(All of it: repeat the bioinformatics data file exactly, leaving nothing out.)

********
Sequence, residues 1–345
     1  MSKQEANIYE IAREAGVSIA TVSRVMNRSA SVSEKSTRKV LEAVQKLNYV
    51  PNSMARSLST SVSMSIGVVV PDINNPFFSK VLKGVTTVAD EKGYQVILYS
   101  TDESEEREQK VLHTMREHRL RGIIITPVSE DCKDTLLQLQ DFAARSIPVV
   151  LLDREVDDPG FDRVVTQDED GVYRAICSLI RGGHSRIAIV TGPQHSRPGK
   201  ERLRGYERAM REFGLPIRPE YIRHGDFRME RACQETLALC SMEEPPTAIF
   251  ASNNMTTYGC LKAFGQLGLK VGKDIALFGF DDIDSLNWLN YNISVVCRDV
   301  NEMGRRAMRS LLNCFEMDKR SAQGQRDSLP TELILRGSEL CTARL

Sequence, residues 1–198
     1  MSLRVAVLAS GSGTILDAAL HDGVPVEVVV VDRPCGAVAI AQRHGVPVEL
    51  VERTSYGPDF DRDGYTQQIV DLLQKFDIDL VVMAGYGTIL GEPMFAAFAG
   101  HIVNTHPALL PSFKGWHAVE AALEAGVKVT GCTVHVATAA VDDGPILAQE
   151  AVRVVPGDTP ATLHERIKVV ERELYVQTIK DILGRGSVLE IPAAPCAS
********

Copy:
Sequence, residues 1–345
     1  MSKQEANIYE IAREAGVSIA TVSRVMNRSA SVSEKSTRKV LEAVQKLNYV
    51  PNSMARSLST SVSMSIGVVV PDINNPFFSK VLKGVTTVAD EKGYQVILYS
   101  TDESEEREQK VLHTMREHRL RGIIITPVSE DCKDTLLQLQ DFAARSIPVV
   151  LLDREVDDPG FDRVVTQDED GVYRAICSLI RGGHSRIAIV TGPQHSRPGK
   201  ERLRGYERAM REFGLPIRPE YIRHGDFRME RACQETLALC SMEEPPTAIF
   251  ASNNMTTYGC LKAFGQLGLK VGKDIALFGF DDIDSLNWLN YNISVVCRDV
   301  NEMGRRAMRS LLNCFEMDKR SAQGQRDSLP TELILRGSEL CTARL

Sequence, residues 1–198
     1  MSLRVAVLAS GSGTILDAAL HDGVPVEVVV VDRPCGAVAI AQRHGVPVEL
    51  VERTSYGPDF DRDGYTQQIV DLLQKFDIDL VVMAGYGTIL GEPMFAAFAG
   101  HIVNTHPALL PSFKGWHAVE AALEAGVKVT GCTVHVATAA VDDGPILAQE
   151  AVRVVPGDTP ATLHERIKVV ERELYVQTIK DILGRGSVLE IPAAPCAS